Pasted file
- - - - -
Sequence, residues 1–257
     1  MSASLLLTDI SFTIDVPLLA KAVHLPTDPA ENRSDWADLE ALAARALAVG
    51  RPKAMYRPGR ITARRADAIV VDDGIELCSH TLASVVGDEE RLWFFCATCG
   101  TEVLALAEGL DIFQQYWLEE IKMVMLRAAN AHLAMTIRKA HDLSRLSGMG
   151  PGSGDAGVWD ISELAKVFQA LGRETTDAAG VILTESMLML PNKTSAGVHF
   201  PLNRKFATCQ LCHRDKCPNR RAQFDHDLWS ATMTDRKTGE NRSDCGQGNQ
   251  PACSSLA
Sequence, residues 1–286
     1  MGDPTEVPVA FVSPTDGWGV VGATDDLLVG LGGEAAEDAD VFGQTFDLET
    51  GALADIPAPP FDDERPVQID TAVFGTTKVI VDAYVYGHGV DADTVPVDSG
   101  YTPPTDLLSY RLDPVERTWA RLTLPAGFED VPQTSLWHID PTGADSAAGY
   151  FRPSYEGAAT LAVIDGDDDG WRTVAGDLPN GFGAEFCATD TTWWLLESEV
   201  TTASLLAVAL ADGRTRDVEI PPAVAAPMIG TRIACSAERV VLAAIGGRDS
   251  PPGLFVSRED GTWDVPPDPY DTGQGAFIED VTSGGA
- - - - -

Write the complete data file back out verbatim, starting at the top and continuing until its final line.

Sequence, residues 1–257
     1  MSASLLLTDI SFTIDVPLLA KAVHLPTDPA ENRSDWADLE ALAARALAVG
    51  RPKAMYRPGR ITARRADAIV VDDGIELCSH TLASVVGDEE RLWFFCATCG
   101  TEVLALAEGL DIFQQYWLEE IKMVMLRAAN AHLAMTIRKA HDLSRLSGMG
   151  PGSGDAGVWD ISELAKVFQA LGRETTDAAG VILTESMLML PNKTSAGVHF
   201  PLNRKFATCQ LCHRDKCPNR RAQFDHDLWS ATMTDRKTGE NRSDCGQGNQ
   251  PACSSLA
Sequence, residues 1–286
     1  MGDPTEVPVA FVSPTDGWGV VGATDDLLVG LGGEAAEDAD VFGQTFDLET
    51  GALADIPAPP FDDERPVQID TAVFGTTKVI VDAYVYGHGV DADTVPVDSG
   101  YTPPTDLLSY RLDPVERTWA RLTLPAGFED VPQTSLWHID PTGADSAAGY
   151  FRPSYEGAAT LAVIDGDDDG WRTVAGDLPN GFGAEFCATD TTWWLLESEV
   201  TTASLLAVAL ADGRTRDVEI PPAVAAPMIG TRIACSAERV VLAAIGGRDS
   251  PPGLFVSRED GTWDVPPDPY DTGQGAFIED VTSGGA